Recently, WNYC public radio hosted their pledge drive. t he host asked his listeners, “Are you the type of person who supports the causes you believe in?” It was a revealing moment—one that has been exuberantly answered by the many institute thought leaders and partners who have contributed to our publications, our programs, our mission—to this Leader to Leader journal. We are indebted to you. We thank you.

This year, we look forward to working with new great partners in all three sectors to continue to offer our leadership resources to a global audience.

Inspiring Innovation

Peter left us in 2005, and we gave the Peter Drucker name back to the family in 2002. Yet even though the name is changed, Peter’s presence, his inspiration, our shared long history is with us every day.

One prominent example is Peter’s focus on innovation. He defined innovation as change that creates a new level of performance.

Each month, our e-newsletter Profile in Innovation recognizes an innovative person, organization, service, or program, which in turn inspire and inform our network.

In 2009 we first profiled Echoing Green, an organization that provides seed funding to social entrepreneurs with new and innovative ideas for solving critical social problems. Wondering what the organization was working on in 2013, we found that by year two, the majority of Echoing Green Fellows raised three times their Echoing Green support. By year five, after the completion of their fellowship, funded organizations raise, on average, 37 times their Echoing Green seed investment.
 
A Shift in the Social Sector

Echoing Green also discussed a trend they continue to notice from year to year: the number of applicants launching social for-profit and hybrid organizations. a ccording to their recent calculations, this year these two business models make up 41 percent of their applicant pool—an increase of 10 percent from just two years ago.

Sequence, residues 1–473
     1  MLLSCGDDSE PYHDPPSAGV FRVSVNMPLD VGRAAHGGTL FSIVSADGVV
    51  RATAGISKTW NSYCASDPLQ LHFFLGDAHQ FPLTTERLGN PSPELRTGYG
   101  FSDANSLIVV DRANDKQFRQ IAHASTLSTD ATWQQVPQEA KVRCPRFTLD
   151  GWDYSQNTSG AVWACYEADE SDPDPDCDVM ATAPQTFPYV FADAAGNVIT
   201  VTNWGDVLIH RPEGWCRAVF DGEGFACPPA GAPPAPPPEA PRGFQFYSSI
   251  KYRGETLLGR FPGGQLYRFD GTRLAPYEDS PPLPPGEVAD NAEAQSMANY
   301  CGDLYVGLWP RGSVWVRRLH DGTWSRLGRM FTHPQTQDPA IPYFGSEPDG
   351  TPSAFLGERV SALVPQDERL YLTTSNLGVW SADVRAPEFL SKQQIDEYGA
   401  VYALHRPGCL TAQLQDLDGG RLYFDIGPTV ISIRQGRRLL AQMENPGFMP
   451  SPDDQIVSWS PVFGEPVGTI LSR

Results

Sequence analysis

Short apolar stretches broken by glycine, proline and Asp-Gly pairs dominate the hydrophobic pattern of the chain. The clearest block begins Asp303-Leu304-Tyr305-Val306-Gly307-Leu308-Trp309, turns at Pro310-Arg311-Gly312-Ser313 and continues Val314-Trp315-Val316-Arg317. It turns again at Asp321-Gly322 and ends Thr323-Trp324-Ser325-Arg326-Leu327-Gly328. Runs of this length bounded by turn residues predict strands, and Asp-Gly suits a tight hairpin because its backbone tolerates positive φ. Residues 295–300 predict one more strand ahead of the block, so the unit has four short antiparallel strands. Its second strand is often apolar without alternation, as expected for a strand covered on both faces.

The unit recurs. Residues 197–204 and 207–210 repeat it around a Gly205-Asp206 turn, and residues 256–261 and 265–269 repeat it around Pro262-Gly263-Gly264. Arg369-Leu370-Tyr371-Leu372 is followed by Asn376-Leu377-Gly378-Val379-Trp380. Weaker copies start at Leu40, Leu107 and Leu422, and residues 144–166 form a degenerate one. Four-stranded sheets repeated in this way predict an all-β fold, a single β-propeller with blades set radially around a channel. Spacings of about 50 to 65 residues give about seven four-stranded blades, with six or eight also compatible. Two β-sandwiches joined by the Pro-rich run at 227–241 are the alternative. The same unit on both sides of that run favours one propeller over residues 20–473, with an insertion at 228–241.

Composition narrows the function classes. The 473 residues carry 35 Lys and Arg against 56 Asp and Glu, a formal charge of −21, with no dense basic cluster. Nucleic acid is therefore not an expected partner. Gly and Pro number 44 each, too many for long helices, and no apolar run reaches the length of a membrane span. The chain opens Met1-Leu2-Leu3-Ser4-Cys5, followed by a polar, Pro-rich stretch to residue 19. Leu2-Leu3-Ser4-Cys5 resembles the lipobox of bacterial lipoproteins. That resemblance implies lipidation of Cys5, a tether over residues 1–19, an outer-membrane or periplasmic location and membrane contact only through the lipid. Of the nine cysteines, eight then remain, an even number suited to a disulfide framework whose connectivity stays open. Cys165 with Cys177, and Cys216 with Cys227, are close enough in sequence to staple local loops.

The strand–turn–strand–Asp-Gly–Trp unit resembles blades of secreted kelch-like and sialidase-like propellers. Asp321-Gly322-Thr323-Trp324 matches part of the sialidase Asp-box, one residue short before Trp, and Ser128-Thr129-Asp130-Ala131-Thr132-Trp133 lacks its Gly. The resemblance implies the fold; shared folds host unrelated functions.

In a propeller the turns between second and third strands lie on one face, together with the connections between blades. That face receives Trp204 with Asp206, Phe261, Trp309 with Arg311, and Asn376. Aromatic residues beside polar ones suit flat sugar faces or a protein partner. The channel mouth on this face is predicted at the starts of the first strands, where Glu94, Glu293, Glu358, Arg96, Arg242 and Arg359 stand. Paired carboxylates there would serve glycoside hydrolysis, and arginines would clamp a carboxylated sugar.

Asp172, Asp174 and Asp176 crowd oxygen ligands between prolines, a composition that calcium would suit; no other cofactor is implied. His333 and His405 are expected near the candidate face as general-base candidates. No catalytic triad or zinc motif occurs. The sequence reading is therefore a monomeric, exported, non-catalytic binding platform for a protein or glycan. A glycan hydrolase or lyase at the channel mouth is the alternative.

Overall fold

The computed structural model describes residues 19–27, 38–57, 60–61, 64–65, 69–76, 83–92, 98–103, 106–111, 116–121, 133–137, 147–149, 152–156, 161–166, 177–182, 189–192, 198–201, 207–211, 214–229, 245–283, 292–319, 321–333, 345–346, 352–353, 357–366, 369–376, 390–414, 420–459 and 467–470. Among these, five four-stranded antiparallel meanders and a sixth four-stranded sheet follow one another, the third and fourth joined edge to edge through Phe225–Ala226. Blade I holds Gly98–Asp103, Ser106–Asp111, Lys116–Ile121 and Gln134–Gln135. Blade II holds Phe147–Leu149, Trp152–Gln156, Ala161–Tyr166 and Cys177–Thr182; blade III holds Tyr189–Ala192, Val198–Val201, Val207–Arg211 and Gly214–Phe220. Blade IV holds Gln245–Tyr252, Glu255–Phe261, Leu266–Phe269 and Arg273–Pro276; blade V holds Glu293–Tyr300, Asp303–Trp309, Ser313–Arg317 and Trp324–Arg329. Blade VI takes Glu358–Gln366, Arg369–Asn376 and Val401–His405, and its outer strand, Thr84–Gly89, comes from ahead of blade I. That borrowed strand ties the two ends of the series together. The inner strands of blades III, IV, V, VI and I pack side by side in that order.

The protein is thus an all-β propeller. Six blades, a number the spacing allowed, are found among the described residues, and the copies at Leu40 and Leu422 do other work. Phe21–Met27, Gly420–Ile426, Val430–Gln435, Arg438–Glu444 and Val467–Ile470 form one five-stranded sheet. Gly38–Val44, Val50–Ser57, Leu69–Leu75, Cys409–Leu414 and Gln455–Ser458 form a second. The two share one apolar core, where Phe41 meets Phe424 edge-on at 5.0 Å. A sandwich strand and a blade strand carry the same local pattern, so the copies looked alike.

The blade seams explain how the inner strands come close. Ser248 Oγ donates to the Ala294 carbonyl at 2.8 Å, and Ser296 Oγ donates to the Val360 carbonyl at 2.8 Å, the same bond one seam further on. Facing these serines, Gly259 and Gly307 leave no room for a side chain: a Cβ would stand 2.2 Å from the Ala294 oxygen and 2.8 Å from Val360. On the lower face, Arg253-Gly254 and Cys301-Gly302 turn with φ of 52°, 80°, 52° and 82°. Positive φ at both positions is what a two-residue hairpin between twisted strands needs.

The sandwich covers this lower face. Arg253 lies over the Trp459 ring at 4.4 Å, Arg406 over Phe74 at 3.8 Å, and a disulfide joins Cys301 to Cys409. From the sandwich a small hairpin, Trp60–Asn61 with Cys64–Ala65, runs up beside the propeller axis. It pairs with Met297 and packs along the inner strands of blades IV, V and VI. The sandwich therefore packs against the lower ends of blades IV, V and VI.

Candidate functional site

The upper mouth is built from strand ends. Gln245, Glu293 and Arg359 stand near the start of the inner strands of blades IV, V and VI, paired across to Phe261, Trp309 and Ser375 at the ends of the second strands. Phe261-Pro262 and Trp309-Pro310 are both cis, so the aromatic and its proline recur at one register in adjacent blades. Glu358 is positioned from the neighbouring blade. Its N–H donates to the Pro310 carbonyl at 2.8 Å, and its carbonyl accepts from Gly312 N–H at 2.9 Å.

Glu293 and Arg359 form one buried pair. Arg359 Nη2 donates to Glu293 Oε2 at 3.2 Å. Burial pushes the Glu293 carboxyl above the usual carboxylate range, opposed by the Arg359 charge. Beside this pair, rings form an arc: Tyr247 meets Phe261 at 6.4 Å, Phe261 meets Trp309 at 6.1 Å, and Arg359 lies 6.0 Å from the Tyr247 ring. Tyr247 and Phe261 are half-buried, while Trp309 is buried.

That shift is aligned with our research as well—the number of private companies focused on social issues is rising. We have recently written about a number of them in Profile in Innovation , including Sseko Designs, Warby Parker, and Denik, an organization founded by t yler Tolson, an alumnus of our own Hesselbein Global Academy for Student Leadership and Civic Engagement

In the late summer 2001 before our world changed forever on September 11, sometimes I quoted Peter Drucker to audiences. I would say—“Peter Drucker is not a pessimist but he is very sober about the next 10 years. He sees political turmoil in many parts of the world, including the United States.”

Across the sectors there are common questions and common challenges. Yet, we all call for principled leadership. t his is the a merican public responding to the crisis of leadership in our own country.

Leading change calls for effective, ethical leaders in our country and countries around the world, in every sector at every level of every enterprise: not a leader, not the leader, but many leaders dispersing the re- sponsibilities of leadership across the organization.

Frances Hesselbein is editor-in-chief of Leader to Leader, founding president of the Drucker Foundation, president and CEO of The Frances Hesselbein Leadership Institute, and former chief executive officer of the Girl Scouts of the U.S.A.